Arts Review, Movies
Deniz Gamze Erguven, director & co-script w/ Alice Winocour
Starring: Gunes Nezihe Sensoy (Lale), Doga Zeynep Doguslu (Nur), Tugba Sunguroglu (Selma), Elit Iscan (Ece), Ilayda Akdogan (Sonay), Nihal Koldas (Grandmother), Ayberk Pekcan (Uncle Erol)
It makes sense that Mustang is the French foreign film entry in the Oscar sweepstakes. Despite being set in a Black Sea village far away from Istanbul, this well made drama feels like a Western European take on life in Turkey.
Mustang opens with its most playful scene, set on the beach, right on the Sea. Five orphaned sisters—whip-smart Lale, the film’s narrator; high-spirited Sonay, the oldest; Ece, the oddest; Selma and Nur, the followers—celebrate the end of school and coming of summer by frolicking in the water with some of the local village boys. Their innocent capers are mistaken for flirting—or worse—by one of the village elders, who reports their transgressions to their grandmother.
When they arrive at home, the girls receive swift and harsh punishment from Grandma and mean-spirited Uncle Erol. They’re virtually imprisoned, stripped of their computers, cell phones and Westernized clothes, and made to feel that they have behaved appallingly. Virginity tests are even conducted at the local hospital, confirming the girls’ assertions that they have done nothing wrong.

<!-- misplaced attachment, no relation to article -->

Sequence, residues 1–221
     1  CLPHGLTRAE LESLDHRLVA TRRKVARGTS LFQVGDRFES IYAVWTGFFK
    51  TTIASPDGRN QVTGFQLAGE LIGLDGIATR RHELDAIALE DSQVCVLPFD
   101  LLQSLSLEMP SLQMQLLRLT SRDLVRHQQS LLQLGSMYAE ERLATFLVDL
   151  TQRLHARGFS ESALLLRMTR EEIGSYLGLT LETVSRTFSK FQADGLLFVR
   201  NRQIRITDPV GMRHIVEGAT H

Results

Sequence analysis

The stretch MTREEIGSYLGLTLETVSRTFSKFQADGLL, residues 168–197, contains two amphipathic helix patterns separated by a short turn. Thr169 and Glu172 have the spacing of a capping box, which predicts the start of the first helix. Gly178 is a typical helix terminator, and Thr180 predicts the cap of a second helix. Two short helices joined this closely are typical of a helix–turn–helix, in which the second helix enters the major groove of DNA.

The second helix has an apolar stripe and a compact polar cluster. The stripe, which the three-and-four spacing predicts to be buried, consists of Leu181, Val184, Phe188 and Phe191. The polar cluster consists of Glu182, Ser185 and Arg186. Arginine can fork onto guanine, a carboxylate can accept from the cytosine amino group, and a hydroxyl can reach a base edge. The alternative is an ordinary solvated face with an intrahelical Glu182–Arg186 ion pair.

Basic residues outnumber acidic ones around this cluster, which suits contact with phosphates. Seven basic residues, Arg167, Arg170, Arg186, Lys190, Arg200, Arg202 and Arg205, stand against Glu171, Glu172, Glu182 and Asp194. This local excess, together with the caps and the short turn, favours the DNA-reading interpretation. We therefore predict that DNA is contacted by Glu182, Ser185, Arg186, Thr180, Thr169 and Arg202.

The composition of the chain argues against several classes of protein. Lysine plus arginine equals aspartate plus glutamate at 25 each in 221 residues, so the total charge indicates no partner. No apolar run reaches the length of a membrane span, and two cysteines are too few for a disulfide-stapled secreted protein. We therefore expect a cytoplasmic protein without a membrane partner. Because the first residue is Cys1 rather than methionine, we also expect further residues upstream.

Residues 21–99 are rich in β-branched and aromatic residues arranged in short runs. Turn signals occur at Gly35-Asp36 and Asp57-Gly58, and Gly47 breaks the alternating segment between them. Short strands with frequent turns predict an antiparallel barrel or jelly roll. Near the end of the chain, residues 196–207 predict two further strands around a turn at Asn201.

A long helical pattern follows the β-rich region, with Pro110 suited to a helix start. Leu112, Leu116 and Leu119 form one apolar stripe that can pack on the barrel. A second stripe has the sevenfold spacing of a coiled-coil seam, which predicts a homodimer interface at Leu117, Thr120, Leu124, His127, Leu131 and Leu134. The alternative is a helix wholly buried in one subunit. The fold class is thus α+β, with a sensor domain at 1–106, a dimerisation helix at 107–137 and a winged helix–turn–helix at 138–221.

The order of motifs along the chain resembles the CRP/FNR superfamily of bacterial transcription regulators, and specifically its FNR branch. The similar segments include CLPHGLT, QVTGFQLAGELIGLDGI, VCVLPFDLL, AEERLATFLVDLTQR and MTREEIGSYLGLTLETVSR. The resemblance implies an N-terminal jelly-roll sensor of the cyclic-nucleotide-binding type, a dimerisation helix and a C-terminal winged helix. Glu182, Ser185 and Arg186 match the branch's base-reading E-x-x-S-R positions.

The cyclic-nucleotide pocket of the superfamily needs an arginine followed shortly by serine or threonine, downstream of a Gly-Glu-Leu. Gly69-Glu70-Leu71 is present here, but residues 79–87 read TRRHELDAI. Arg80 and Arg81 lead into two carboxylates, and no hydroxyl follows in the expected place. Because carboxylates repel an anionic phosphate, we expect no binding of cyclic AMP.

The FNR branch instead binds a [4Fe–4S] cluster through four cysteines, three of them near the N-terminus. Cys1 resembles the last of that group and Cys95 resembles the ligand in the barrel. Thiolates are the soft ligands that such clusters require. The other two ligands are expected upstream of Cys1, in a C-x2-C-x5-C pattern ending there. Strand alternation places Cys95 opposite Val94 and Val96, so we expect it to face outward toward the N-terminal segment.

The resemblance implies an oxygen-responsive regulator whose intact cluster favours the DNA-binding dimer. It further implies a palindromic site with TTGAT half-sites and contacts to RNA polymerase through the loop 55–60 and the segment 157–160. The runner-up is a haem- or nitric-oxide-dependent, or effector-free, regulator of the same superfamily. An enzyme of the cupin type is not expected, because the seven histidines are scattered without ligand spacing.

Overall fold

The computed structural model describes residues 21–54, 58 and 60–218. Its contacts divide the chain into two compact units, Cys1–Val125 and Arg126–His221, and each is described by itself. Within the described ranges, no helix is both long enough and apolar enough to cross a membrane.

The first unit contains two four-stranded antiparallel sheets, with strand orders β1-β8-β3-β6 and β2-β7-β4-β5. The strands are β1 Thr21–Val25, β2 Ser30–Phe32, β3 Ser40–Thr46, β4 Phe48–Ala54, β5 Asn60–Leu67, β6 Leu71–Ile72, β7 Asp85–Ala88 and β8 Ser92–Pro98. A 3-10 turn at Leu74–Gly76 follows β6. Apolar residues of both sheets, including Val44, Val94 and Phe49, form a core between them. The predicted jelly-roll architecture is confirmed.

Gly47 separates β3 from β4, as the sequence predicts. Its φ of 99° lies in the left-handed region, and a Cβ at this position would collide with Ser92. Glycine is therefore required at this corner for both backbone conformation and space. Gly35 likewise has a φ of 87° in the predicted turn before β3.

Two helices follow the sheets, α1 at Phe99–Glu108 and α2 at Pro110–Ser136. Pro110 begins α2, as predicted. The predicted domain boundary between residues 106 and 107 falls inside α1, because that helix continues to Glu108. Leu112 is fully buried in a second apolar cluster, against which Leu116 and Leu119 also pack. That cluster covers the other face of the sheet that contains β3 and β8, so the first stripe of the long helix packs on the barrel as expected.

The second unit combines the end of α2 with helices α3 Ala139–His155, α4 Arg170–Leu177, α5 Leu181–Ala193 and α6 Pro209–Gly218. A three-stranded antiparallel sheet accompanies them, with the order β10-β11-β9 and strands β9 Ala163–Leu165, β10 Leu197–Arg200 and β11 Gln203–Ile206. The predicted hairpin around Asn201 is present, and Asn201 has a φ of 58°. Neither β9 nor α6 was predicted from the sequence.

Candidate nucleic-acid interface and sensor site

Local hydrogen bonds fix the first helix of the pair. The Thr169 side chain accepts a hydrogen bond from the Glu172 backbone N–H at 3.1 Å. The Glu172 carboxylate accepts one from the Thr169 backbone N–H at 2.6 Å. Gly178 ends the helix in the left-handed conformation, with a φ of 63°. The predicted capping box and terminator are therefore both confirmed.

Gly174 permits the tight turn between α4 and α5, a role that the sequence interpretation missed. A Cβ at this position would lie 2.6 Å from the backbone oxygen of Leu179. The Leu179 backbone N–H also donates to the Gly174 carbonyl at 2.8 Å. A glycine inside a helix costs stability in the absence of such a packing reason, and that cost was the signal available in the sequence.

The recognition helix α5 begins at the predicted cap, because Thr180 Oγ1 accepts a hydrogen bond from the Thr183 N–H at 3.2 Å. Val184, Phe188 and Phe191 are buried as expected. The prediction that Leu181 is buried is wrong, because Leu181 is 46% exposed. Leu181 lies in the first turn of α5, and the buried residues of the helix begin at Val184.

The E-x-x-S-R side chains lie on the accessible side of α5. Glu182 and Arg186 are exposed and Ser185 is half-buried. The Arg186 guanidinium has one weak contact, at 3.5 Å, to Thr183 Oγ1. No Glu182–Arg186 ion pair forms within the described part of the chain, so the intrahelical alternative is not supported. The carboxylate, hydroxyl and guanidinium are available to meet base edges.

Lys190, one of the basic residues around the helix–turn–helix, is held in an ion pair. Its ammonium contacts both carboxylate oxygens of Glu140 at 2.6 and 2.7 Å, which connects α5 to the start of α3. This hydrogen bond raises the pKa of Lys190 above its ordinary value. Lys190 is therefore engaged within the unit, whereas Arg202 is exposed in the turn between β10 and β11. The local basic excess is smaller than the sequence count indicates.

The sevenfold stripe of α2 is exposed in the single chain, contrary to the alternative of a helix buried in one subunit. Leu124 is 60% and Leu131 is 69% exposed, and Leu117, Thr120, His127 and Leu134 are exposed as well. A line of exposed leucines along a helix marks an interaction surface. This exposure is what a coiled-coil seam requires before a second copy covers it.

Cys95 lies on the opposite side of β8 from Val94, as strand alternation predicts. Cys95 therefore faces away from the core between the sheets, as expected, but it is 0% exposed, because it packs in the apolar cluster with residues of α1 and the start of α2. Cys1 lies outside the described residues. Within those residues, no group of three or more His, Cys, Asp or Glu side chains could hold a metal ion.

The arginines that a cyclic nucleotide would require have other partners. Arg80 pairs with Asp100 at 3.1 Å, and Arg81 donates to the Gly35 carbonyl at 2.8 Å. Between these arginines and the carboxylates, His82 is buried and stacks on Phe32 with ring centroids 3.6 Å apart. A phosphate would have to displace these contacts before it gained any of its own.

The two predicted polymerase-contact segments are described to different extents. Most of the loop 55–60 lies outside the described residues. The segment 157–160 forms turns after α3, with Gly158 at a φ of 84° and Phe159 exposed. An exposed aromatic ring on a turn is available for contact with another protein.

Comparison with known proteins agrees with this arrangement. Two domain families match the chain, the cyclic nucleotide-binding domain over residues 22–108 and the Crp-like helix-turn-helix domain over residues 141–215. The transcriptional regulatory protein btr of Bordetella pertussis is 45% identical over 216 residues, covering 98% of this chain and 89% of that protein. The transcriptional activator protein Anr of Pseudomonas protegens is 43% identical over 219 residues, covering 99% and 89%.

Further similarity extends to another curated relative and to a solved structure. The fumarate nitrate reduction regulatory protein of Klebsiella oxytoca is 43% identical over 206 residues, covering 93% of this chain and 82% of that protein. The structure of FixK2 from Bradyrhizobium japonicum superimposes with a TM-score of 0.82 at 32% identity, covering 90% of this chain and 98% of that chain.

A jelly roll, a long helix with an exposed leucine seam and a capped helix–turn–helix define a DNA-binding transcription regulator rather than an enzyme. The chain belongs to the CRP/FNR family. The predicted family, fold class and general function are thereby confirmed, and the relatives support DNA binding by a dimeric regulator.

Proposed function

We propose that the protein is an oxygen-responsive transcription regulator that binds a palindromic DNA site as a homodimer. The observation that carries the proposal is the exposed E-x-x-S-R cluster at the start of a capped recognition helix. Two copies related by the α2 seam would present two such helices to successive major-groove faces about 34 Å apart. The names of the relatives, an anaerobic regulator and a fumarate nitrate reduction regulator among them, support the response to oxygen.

After the girls pull off their biggest coup, escaping from the family home to go to a football match, their grandmother flies into action. She starts marrying them off, although all of them are teenagers or younger. Feisty Sonay insists on marrying her boyfriend but Selma is forced into a marriage with an unpleasant, dull village lad. Further attempts at marrying off the increasingly younger sisters lead to violence and, for some, a grandly executed escape.
The poetics in Mustang reside in the free-flowing relationships between the sisters. Rollicking, funny and intimate, the five lead joyful existences until the stringent Puritanism of a backwater society destroys their innocent childhood. The inevitable battle between the forces of a rigid old morality, represented by an ignorant grandmother and perverted Uncle, and the innocent anarchy of the sisters is played out in a set of fascinating but one-sided set pieces.
You know who to root for in every scene, which makes Mustang compulsively watchable but not a subtle art film. Will Mustang win the Oscar for best foreign film? Not in the year of the impressive (and already Golden Globe winning) Son of Saul. It is worth seeing? Yes—but see Son of Saul first.
Written by Marc Glassman
Adjunct Professor, Ryerson University
Director, Pages UnBound: the festival and series
Editor, POV Magazine
Editor, Montage Magazine
Film Critic, The New Classical FM
Film programmer, Planet in Focus
Tune in to hear Marc Glassman’s Art Reviews
Friday’s at 9:07am on Good Day GTA.